The purpose of most generator sets is to provide a trustworthy source of power for your facility or business during an emergency situation when the power is out or not available for some reason. In the event of a power failure, there should be no doubt that your backup power source will kick into action and get you back up and running. But what happens when the power goes out and your genset does not operate the way it is supposed to? The results can often be costly and sometimes disastrous.
This is the reason why generator load bank testing should be a crucial part of your generator maintenance plan — and this testing should ideally be done each and every year. Load bank testing ensures that your generator will be:
- dependable and operational when the power is needed
- capable of generating the highest possible load required at any crucial point or time
What is Load Bank Testing?
A generator load bank test involves an inspection and evaluation of a generator set. It makes sure that all primary components of the generator set are in proper working order. To conduct a load bank test, artificial loads are put on the generator by bringing the engine to the recommended operating temperature and pressure levels. This is especially important for emergency generator sets that do not run very often and may not be exposed to carrying heavy loads on a regular basis. The general rule is if your generator is not exposed to more than 30% of its rated kilowatt load, you should have the generator load tested.
A load bank test ensures that your generator will run when needed so that you can count on it producing power during any kind of emergency that may arise. A proper load bank test will give you an evaluation of your generator at its full kilowatt output rating. Many generators don’t regularly operate at their full kilowatt rating. It’s very important that the generator produce the horsepower that’s required for it to run flawlessly when that power is needed, while maintaining the right temperature and pressure levels and allowing it to run for long periods of time.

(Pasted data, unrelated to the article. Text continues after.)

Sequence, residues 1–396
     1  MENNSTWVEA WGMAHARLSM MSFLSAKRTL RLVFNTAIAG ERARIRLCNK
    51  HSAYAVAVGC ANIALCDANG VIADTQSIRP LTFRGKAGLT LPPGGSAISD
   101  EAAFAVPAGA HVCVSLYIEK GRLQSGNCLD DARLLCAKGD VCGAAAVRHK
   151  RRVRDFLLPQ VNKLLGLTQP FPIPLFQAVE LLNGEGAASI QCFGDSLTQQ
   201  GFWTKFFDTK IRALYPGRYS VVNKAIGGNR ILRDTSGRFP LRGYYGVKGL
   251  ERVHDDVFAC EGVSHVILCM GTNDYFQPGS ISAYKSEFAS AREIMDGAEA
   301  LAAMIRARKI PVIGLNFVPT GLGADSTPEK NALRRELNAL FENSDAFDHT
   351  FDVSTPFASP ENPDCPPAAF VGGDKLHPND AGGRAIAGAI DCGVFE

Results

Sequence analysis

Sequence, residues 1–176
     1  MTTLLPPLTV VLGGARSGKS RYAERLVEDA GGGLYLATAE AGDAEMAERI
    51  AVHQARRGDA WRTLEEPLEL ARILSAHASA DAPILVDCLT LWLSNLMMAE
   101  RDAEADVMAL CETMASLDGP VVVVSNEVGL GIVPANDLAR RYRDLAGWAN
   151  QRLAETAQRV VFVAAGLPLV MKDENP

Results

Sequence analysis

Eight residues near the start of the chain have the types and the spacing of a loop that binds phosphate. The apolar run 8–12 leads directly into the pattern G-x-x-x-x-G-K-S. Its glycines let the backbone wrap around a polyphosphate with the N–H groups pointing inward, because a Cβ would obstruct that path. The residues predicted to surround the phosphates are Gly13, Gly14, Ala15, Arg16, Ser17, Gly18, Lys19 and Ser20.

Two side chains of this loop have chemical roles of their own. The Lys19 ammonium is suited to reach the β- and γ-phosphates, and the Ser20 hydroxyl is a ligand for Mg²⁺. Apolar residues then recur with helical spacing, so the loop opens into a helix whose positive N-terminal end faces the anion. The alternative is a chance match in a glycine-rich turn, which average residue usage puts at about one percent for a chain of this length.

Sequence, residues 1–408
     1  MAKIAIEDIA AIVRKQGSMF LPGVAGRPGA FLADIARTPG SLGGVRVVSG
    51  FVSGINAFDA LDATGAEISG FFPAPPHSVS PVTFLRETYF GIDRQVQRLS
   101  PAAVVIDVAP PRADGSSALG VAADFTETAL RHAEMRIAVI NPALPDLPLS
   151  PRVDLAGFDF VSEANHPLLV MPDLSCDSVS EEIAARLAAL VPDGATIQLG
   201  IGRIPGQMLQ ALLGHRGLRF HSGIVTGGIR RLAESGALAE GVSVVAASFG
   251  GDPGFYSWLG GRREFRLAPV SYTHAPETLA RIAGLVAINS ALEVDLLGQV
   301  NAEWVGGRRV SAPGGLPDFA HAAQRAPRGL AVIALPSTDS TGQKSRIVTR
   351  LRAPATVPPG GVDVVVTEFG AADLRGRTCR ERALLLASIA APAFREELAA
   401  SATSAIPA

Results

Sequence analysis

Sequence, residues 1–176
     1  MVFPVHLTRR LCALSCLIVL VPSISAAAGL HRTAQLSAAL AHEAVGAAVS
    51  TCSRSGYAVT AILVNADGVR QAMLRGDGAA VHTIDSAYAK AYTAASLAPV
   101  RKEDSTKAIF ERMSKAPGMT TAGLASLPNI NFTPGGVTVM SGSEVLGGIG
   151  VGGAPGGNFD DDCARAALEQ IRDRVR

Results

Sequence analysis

What is Done During a Load Bank Test?
When a load bank test is started, an artificial load is placed on the generator. The test is timed and the kilowatt load is gradually increased in specified increments. Every time the load is increased, critical engine functions are measured at the highest possible levels for a sustained period of time. To complete the test, a load bank is needed (a machine with kilowatt rated sizes and battery type cables).
When a diesel powered generator is not used very often or is only run on light loads, it can experience unburned fuel and soot buildup in the exhaust system. This is called “wet-stacking.” Wet-stacking usually happens when the genset is not performing the way it’s supposed to. This may lead to damage or become a fire hazard and can even lead to the generator not working at all. During a load bank test, the generator is run at full operating power and temperature. This will cause any wet-stacking to burn off. Load bank testing actually serves two main purposes:
- It tests the generator to determine if functions properly and efficiently when needed.
- It removes any built-up carbon within the generator.
Advantages of Load Bank Testing
There are many reasons why gensets should undergo a load bank test on an annual basis, including:
- Confirming the gensets output capabilities as opposed to just starting it up on occasion.
- Finding problems now, instead of when an emergency arises, can be a major cost savings and prevent future breakdowns.
- Helps to avoid wet-stacking and cleans out any carbon deposits.
- Confirms that the engine cooling system will work efficiently under load.
- Makes sure that the genset will work properly when needed.
Load bank reports should include:
- Kilowatt Load
- AC Voltage
- Oil Pressure
- Amperage Rating
- Voltage Tested
- Any Additional Concerns or comments